Tuesday, 29 October 2013

Wood Type Samples

Patricia M has compiled a beautiful Flickr Collection of old wood type alphabets.

Thursday, 24 October 2013

Pixelmator 3.0 FX

Life Hacker reports: [edited]

Most Mac users know that Pixelmator is pretty much the best Photoshop alternative you can get. That said, Pixelmator always lacked a few flagship features of Adobe's behemoth-at least, until now.

They've now added layer styles. You can now easily apply non-destructive effects to any layer to quickly add drop shadows, reflections, gradients, and more.

And there is a liquify tool for moving around parts of your image, support for OS X Mavericks, and a new image editing engine to speed up just about every task across the app.

While Pixelmator still won't replace Photoshop for everyone, this update brings it close for handling most any common image editing task as well as or better than its far more expensive competition. If you've been holding out, you might want to give Pixelmator another look.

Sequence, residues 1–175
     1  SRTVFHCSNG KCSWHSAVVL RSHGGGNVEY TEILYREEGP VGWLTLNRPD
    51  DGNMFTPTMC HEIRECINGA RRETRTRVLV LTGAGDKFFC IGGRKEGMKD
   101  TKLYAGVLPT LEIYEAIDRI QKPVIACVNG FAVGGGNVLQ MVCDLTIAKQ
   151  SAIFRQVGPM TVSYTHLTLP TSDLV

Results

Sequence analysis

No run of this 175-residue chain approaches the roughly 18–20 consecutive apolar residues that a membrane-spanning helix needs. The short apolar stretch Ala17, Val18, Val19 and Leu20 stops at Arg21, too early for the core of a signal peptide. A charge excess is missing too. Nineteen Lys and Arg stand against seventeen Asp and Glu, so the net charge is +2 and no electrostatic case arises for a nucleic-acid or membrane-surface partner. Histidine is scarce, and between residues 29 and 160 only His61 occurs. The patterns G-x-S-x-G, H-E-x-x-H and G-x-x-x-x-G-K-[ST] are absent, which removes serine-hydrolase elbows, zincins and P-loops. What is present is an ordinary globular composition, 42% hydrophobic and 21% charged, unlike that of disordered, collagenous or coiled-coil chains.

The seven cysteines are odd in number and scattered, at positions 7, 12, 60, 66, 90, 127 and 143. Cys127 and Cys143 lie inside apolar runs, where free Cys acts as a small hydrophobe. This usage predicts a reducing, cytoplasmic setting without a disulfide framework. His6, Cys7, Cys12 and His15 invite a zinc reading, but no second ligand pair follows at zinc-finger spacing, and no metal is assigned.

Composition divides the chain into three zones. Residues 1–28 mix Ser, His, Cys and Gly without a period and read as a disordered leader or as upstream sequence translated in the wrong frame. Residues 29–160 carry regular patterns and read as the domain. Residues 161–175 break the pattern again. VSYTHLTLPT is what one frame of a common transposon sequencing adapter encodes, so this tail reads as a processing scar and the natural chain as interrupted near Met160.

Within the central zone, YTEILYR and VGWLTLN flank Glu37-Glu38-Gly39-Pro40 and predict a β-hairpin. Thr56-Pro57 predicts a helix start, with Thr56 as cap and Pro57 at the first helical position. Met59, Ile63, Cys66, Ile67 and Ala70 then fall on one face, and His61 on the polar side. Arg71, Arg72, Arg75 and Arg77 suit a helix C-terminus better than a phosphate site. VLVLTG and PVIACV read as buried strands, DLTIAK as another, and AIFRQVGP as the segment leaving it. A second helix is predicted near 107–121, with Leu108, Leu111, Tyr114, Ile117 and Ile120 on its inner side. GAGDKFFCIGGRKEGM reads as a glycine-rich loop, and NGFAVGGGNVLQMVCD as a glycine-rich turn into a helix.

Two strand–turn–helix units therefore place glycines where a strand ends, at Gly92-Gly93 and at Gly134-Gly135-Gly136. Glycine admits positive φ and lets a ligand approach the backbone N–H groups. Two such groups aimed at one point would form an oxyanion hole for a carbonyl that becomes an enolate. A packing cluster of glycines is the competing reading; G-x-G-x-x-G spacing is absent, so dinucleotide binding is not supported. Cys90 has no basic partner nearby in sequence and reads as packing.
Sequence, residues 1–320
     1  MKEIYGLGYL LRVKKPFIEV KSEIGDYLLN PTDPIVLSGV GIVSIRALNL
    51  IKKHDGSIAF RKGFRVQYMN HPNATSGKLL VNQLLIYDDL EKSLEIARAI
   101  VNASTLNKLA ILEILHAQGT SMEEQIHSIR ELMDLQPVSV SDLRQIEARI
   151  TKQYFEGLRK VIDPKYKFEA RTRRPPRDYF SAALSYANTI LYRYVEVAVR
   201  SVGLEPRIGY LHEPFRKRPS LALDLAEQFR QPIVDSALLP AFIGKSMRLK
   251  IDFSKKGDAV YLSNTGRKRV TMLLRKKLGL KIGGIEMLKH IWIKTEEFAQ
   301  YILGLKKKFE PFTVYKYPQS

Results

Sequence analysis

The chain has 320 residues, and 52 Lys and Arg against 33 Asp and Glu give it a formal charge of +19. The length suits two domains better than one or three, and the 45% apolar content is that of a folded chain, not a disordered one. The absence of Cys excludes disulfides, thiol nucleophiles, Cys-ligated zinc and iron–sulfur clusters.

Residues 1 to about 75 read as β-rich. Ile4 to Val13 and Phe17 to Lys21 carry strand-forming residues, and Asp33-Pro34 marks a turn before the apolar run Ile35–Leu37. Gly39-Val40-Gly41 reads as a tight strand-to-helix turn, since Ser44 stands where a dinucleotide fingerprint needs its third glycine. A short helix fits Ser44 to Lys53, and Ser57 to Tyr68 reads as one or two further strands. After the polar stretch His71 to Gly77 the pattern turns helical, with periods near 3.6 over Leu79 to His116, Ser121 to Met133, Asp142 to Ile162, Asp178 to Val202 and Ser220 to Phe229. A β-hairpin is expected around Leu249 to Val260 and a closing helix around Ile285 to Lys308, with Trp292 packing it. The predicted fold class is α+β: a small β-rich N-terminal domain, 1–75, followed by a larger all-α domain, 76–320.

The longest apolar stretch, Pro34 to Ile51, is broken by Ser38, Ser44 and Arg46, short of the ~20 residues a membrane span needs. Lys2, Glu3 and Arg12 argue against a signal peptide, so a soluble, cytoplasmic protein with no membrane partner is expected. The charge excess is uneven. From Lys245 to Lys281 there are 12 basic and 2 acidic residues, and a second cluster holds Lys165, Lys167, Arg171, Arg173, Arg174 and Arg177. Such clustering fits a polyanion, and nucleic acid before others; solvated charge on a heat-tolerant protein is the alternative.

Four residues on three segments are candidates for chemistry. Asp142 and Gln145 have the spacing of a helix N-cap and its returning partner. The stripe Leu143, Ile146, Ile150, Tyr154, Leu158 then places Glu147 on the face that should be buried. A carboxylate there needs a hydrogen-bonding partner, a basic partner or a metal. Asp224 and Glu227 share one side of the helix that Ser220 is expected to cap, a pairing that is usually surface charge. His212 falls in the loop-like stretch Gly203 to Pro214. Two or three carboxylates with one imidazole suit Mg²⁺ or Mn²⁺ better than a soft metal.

Available for £20.99 from the App Store

Tuesday, 22 October 2013

Panasonic Lumix DMC-GM1

Digital Photography Review reports: [edited]

The Lumix DMC-GM1 is a pocketable camera with a 16 megapixel Four Thirds sensor. It uses the same Micro Four Thirds mount that its larger Olympus and Panasonic siblings, and will be sold with a specially designed 12-32mm F3.5-5.6 kit zoom sporting a smaller diameter for the GM1's diminutive form.

Despite its M43 sensor, using the GM1 gives the impression of using a point-and-shoot. The controls are crowded together, and the GM1 lacks a command dial. Its exposure mode dial and focus ring are positive additions for advanced users, but it feels like it could offer just a little more in terms of direct control.